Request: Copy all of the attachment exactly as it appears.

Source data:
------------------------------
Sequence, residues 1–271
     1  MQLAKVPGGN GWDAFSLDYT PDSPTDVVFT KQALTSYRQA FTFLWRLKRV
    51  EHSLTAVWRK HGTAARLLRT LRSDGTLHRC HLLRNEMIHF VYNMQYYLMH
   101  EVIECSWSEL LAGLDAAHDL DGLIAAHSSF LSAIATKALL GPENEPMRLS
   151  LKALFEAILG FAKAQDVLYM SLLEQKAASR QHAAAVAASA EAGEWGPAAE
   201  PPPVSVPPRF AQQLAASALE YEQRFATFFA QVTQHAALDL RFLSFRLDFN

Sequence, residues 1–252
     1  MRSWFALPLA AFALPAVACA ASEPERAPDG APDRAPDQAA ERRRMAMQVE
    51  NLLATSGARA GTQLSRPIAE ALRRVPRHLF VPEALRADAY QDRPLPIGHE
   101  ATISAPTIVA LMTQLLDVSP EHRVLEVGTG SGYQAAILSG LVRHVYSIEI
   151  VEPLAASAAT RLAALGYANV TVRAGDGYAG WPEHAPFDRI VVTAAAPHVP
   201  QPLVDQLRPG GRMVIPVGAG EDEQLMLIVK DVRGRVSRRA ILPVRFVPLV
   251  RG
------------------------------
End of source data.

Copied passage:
Sequence, residues 1–271
     1  MQLAKVPGGN GWDAFSLDYT PDSPTDVVFT KQALTSYRQA FTFLWRLKRV
    51  EHSLTAVWRK HGTAARLLRT LRSDGTLHRC HLLRNEMIHF VYNMQYYLMH
   101  EVIECSWSEL LAGLDAAHDL DGLIAAHSSF LSAIATKALL GPENEPMRLS
   151  LKALFEAILG FAKAQDVLYM SLLEQKAASR QHAAAVAASA EAGEWGPAAE
   201  PPPVSVPPRF AQQLAASALE YEQRFATFFA QVTQHAALDL RFLSFRLDFN

Sequence, residues 1–252
     1  MRSWFALPLA AFALPAVACA ASEPERAPDG APDRAPDQAA ERRRMAMQVE
    51  NLLATSGARA GTQLSRPIAE ALRRVPRHLF VPEALRADAY QDRPLPIGHE
   101  ATISAPTIVA LMTQLLDVSP EHRVLEVGTG SGYQAAILSG LVRHVYSIEI
   151  VEPLAASAAT RLAALGYANV TVRAGDGYAG WPEHAPFDRI VVTAAAPHVP
   201  QPLVDQLRPG GRMVIPVGAG EDEQLMLIVK DVRGRVSRRA ILPVRFVPLV
   251  RG